GLASGOW COMA SCALE
Topic: Trauma Assessment
Next Unit: Revised Trauma Score and Transport Decisions
14 minute read
The Glasgow Coma Scale (GCS) is used to describe the level of consciousness in an individual.
It is often used to gauge the severity of an acute brain injury due to trauma or medical cause. The test is simple, reliable, and correlates well with outcomes following brain injury. It is composed of 3 domains which are assessed separately and given numerical scores. The sum of these scores is the Glasgow Coma Score.
The three areas are
- Eye Opening,
- Verbal Response, and
- Motor Activity.
- EYE-OPENING (1-4 Points)
- Does not open eyes in response to anything.
- Opens eyes in response to painful stimuli.
- Opens eyes in response to voice.
- Opens eyes spontaneously.
- VERBAL RESPONSE (1-5 Points)
- Makes no sounds.
- Incomprehensible sounds.
- Utters incoherent words.
- Confused, disoriented.
- Oriented, converses normally.
- MOTOR ACTIVITY (1-6 Points)
- Makes no movements.
- Decerebrate (extensor) posture (an abnormal posture that can include rigidity, arms and legs held straight out, toes pointed downward, head and neck arched backward).
- Decorticate (flexor) posture (an abnormal posture that can include rigidity, clenched fists, legs held straight out, and arms bent inward toward the body with the wrists and fingers bend and held on the chest).
- Withdrawal from painful stimuli.
- Localizes to painful stimuli.
- Obeys commands.
EXAMPLE: So a patient who has scores of Eye = 3, Verbal = 4 and Motor = 5 is said to have a GCS of 12.
You would express this as a GCS 12 = E3, V4, M5.
There are some GCS scores that are significant and must be memorized:
- 3: The lowest possible GCS; this indicates a patient is wholly unresponsive.
- 8: The point of intubation; any patient with an 8 or lower is strongly considered for intubation, as they are unlikely to maintain a patent airway.
- 15: The highest GCS score; a patient who opens their eyes spontaneously, is oriented and alert, and obeys commands has a GCS of 15.
Modifiers are used to eliminate misleading scores--it's all about accuracy, especially as it pertains to outcomes. For example:
- You can communicate that the patient is intubated with modifiers like V1t where it indicates that the patient makes no verbal sounds but it's secondary to an (endotracheal) tube.
- Other common modifiers are E1c where "c" stands for closed due to swelling or damage. Sometimes, the "1" is omitted, and instead of using V1t, you could just see Vt since, in that case, the 1 is seen as a redundancy.
A child's reaction to his own health crisis will not be the same as an adult's. Understanding commands and cooperating with them can be compromised due to pain or immaturity.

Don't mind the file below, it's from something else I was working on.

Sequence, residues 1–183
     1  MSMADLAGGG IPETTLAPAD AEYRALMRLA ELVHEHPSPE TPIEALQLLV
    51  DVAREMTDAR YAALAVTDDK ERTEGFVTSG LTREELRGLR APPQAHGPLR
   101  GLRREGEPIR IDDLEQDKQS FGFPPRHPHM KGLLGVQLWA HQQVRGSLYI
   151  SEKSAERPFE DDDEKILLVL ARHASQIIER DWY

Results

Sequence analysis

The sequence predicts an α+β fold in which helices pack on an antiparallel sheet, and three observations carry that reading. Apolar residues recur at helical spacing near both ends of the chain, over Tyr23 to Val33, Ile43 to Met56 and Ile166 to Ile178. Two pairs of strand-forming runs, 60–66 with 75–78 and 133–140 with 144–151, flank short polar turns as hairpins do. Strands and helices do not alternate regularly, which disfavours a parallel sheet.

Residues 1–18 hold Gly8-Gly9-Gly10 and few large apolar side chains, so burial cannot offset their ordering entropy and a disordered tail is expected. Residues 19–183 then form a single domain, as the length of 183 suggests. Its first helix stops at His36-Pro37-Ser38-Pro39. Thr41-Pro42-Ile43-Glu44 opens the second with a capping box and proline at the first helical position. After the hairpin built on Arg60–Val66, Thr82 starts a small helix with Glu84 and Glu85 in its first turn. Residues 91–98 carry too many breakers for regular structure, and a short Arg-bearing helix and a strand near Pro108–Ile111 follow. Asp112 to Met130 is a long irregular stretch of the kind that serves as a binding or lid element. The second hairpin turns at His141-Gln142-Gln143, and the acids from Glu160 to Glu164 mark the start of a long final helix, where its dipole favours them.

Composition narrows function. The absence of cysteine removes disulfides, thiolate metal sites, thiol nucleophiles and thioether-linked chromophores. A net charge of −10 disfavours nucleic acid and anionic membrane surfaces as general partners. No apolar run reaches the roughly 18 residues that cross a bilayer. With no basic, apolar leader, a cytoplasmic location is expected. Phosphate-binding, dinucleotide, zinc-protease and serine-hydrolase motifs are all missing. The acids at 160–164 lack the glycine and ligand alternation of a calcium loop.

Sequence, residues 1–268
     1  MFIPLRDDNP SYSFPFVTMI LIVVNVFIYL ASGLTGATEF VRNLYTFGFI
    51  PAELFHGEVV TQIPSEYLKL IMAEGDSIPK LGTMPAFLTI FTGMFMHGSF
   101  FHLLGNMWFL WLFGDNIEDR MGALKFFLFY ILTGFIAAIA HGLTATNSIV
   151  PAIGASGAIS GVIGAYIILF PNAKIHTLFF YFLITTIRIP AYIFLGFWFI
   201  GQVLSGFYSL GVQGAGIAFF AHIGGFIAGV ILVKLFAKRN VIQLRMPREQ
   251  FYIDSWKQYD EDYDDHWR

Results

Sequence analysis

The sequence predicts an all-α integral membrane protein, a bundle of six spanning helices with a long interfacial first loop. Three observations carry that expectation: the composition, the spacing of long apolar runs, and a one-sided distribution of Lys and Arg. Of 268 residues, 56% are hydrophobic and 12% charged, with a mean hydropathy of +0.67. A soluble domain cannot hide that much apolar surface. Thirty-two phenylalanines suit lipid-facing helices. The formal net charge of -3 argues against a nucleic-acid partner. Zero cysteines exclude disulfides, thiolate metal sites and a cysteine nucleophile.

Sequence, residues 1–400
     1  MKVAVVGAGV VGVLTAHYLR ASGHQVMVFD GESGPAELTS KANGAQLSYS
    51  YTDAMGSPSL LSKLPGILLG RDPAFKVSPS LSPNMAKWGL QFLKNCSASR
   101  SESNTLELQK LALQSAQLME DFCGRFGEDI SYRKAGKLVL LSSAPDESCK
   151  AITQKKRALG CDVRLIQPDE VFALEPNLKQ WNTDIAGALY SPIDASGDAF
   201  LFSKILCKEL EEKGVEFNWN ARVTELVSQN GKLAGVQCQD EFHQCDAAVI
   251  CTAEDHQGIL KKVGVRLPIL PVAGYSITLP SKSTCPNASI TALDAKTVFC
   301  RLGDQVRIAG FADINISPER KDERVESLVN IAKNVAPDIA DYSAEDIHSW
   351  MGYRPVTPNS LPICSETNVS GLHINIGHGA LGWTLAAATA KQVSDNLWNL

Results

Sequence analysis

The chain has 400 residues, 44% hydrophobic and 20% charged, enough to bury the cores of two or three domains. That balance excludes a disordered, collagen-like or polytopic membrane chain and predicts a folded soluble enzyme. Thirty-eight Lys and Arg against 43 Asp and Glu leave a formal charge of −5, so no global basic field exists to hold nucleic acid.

The GCS is not well validated in children and cannot--as a sole indicator--predict the need for airway interventions. The best approach in considering intubation for childhood trauma is to assess for valid indications for intubation, such as a child who cannot maintain his/her airway (determined with phonation and swallowing, not just the gag reflex).
A separate Pediatric Glasgow Coma Scale was created because young children can be harder to assess for verbal and motor function as they may not have the ability to answer your questions or follow instructions adequately.
GCS in Plain English:
We are assessing responsiveness because being able to react to stimuli means the brain is working.
MEMORY TOOL: For GCS SCORING, Remember 1,2,3,4,5,6 (Three Questions and 3 Scores)
There are 3 questions: 1) Do his eyes respond? 2) Does he verbally respond? 3) Does he respond with his body?
There are 3 max points: 4) Eyes get a max of 4 points, 5) verbal gets 5 points, 6) motor gets 6 points.
So, 1, 2, 3, 4, 5, 6
Instead of writing GCS score to begin with, just start PRACTICING with using E4, S5, M6. Get in the habit of looking at a patient and judging his response. If he's totally responsive, he's E4, S5, M6. If he's a little confused, like after a concussion, but his eyes open and he has purposeful movements, then you only have to take 1 from speech. So the confused guy is E4, S4, M6.
Use it like a checklist. Do his eyes open? If yes, then score a 4. If no, then score a 1. If "kinda," then look at the criteria. Same with the other 2. Check yes or no or kinda. If "kinda" then check out that specific list and proceed.
DO HIS EYES OPEN? (Max 4) (Eyes are easy, you're assessing eye AVPU)
- No matter what I do, his eyes don't open.
- Eyes open when I inflict pain
- Eyes open when I call his name
- Eyes are normally open
IS HE TALKING CORRECTLY? (Max 5)
- He's not talking at all
- He's just making sounds
- He's saying words, but they don't make sense
- He's talking, but he's confused
- He's talking normally
IS HE ABLE TO MOVE HIS OWN BODY? (Max 6)
- He's not moving, no matter what I do.
- If I apply pain, his body flexes away from his core. Extension.
- If I apply pain, his body tightens towards his core. Flexion.
- If I apply pain, his body tries to back away from the pain spot.
- If I apply pain, he moves his hand to the pain spot.
- He is moving on his own.